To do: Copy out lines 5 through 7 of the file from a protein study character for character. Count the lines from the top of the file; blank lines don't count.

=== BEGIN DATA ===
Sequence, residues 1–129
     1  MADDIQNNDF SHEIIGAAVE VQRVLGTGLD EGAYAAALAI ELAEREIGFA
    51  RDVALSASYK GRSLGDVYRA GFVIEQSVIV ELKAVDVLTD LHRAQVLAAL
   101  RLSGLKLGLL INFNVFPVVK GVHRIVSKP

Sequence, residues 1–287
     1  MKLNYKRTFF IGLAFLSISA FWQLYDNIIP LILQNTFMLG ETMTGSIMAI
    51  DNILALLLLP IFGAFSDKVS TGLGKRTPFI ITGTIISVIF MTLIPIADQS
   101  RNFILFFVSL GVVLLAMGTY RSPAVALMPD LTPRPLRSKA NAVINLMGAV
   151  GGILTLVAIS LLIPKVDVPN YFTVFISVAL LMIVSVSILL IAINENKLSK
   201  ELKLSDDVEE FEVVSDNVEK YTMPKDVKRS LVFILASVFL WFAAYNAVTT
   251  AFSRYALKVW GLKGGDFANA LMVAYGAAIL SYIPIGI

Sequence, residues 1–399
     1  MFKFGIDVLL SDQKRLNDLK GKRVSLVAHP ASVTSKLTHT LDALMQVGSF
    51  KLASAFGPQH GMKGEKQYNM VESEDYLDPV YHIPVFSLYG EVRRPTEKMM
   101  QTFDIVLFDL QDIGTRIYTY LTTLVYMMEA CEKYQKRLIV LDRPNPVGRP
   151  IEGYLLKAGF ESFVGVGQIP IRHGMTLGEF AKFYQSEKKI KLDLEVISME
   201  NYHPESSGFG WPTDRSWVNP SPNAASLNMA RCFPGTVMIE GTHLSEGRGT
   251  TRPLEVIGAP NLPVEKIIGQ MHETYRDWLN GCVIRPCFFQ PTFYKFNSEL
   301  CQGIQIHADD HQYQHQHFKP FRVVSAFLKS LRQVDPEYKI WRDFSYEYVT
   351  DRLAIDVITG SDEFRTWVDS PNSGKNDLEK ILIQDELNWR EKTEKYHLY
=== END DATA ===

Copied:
Sequence, residues 1–287
     1  MKLNYKRTFF IGLAFLSISA FWQLYDNIIP LILQNTFMLG ETMTGSIMAI
    51  DNILALLLLP IFGAFSDKVS TGLGKRTPFI ITGTIISVIF MTLIPIADQS